So the media and the pundit class basically got bamboozled by this Republican campaign to game the polling averages. Which is why, to your point, everyone kind of ended up back with “red wave” at the end. Chris Cillizza even said the bottom's falling out for the Democratic party in that last week. Meanwhile, what we were seeing in the early vote was that every day of the early vote, it was getting younger and more Democratic. In fact, the opposite was happening in the early vote.
So we stuck to our guns. The data all pointed in the same direction and we fought the concept of the red wave. The big story of this election is how many people that we respect and admire who interpret elections for us really blew it. To your point, it wasn't bad data, it was bad analysis. And that's in some ways scarier for us, because the press needs to be telling us the truth. It's critical for our democracy, for the media, to be truthful, and the truth is that a lot of the media misled the public about what happened in the final few weeks because there was no red wave. There was never a red wave. There wasn't a blip of a wave. There was nothing. And it was a fake out by the Republicans which too many people fell for.
Isaac Saul: I talked about this a good bit in our post-election analysis, which was just comparing certain polling outfits to the actual results of the election, and some of these more conservative polling outfits — and I don't mean that in a pejorative way, they just were — were 10, 12, 15 points off in some these elections. From their perspective, from the people who are funding those kinds of polls, what do they think the benefit of that is? Is that a good way to juice and encourage voters? Why do that?
Simon Rosenberg: I don't know that we're ever going to really know unless people who are involved in it come out and talk about what happened. I know there are major news outlets that have assigned reporters to look into it. My own view, where I've come down as the most plausible explanation... is that if you were involved in stacking the Supreme Court the way it's been stacked, where there's now a 6-3 — I'm going to use my own language here — extremist majority that is doing things like the ending of Roe, there's a whole movement behind that that's worked very hard for a very long time. And I am sure that for those people who finally had this happen, the Dobbs decision happen, to see a popular uprising come about because of the extremism of the decision, and also the extremist abortion trigger laws that went into effect shortly after, that it just became something they couldn't stomach.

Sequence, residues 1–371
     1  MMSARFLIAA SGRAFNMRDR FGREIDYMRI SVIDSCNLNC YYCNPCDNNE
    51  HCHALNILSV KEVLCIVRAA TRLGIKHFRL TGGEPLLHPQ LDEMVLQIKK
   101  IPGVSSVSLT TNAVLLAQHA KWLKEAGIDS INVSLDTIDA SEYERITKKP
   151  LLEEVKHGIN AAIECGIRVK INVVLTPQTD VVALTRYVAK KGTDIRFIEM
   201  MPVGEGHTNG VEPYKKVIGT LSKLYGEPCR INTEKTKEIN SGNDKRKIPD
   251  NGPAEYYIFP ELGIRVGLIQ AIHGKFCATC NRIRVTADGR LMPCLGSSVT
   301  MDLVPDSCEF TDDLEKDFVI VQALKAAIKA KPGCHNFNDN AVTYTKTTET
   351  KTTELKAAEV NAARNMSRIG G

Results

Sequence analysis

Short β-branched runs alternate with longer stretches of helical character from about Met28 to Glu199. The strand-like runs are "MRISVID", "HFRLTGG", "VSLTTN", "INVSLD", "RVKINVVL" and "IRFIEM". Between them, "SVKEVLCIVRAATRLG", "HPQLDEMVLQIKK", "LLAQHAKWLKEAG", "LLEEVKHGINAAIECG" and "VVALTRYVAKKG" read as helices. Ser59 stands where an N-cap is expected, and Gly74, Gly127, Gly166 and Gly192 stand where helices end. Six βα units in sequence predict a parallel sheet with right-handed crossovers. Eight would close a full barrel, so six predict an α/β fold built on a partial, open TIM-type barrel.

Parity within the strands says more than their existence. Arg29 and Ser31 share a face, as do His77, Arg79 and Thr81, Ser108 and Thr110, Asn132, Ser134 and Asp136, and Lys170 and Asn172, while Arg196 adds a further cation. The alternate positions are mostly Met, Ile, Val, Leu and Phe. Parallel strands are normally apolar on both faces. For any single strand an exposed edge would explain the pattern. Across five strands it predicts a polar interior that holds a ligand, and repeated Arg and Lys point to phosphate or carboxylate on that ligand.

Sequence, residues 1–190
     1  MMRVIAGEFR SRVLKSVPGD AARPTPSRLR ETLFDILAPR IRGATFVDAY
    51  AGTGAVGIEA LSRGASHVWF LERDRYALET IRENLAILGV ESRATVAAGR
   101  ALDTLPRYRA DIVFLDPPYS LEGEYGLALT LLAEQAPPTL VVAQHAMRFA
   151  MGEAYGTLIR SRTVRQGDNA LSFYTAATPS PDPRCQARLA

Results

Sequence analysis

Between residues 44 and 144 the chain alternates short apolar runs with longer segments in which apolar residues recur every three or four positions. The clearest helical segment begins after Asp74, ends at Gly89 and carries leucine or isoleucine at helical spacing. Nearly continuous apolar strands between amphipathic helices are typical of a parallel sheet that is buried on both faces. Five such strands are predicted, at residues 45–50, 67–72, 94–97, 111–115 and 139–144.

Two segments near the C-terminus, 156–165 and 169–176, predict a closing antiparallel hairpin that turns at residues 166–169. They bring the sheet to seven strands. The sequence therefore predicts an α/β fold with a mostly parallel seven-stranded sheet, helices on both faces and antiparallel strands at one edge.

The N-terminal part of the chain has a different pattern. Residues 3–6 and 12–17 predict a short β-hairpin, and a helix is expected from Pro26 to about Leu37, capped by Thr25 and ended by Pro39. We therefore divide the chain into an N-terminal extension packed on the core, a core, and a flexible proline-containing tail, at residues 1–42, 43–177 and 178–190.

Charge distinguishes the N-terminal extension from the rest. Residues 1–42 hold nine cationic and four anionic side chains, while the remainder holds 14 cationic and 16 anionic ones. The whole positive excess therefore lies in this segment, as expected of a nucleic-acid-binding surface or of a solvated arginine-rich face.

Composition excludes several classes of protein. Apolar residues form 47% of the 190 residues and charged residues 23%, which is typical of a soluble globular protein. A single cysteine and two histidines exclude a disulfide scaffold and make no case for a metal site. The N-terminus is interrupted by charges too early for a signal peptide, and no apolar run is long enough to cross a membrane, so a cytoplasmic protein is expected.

The idea that the energy in the election was because of a rejection of an extremist Supreme Court also meant that that Court could end up being more circumscribed, and less able to follow the extremist course that they've been on because there had been this popular uprising. The Republicans were underperforming the election because of their embrace of this extremism.
I think there's a very large chunk of the Republican party with a lot of money that would want a different story of the election to be told. That it wasn't the ending of Roe that drove this popular uprising and gave Democrats energy and, frankly, sucked energy out of the Republican party. That in fact, there was a red wave, and that everything was going to be okay.
Because remember: The red wave was the opposite of what happened. It wasn't a miss. The energy intensity and overperformance was on our side, not on their side. Rick Scott, the head of the [National Republican Senatorial Committee] even said famously that we had a real turnout problem just a couple days after the election.
So, I think that for some, the idea that there was this very strenuous rejection of the Republicans because of the ending of Roe was just too much to bear. And so they would have a vested interest in trying to create a different narrative and story of the election. But we don't know. Maybe we'll find out.
Are there more mundane explanations? Like to suppress Democratic enthusiasm and cause us not to work as hard and all that? Yeah. I think all of those are part of it too. But I think there was so much effort made at the end to change the storyline away from what was happening with abortion that it just seems to me to be the most plausible explanation.
Isaac Saul: That's a great segue to my next question. In my own analysis after the election, I looked at the five or six big arguments about why things happened the way they did and made the argument that this election in the battleground states was really about abortion. I kind of adopted the "thermostatic voter" idea that's been put forward by people like David Shor and others, who just said voters were reacting to major change. I'm curious what you think about that analysis? Do Democrats do as well as they did, without Roe v. Wade falling?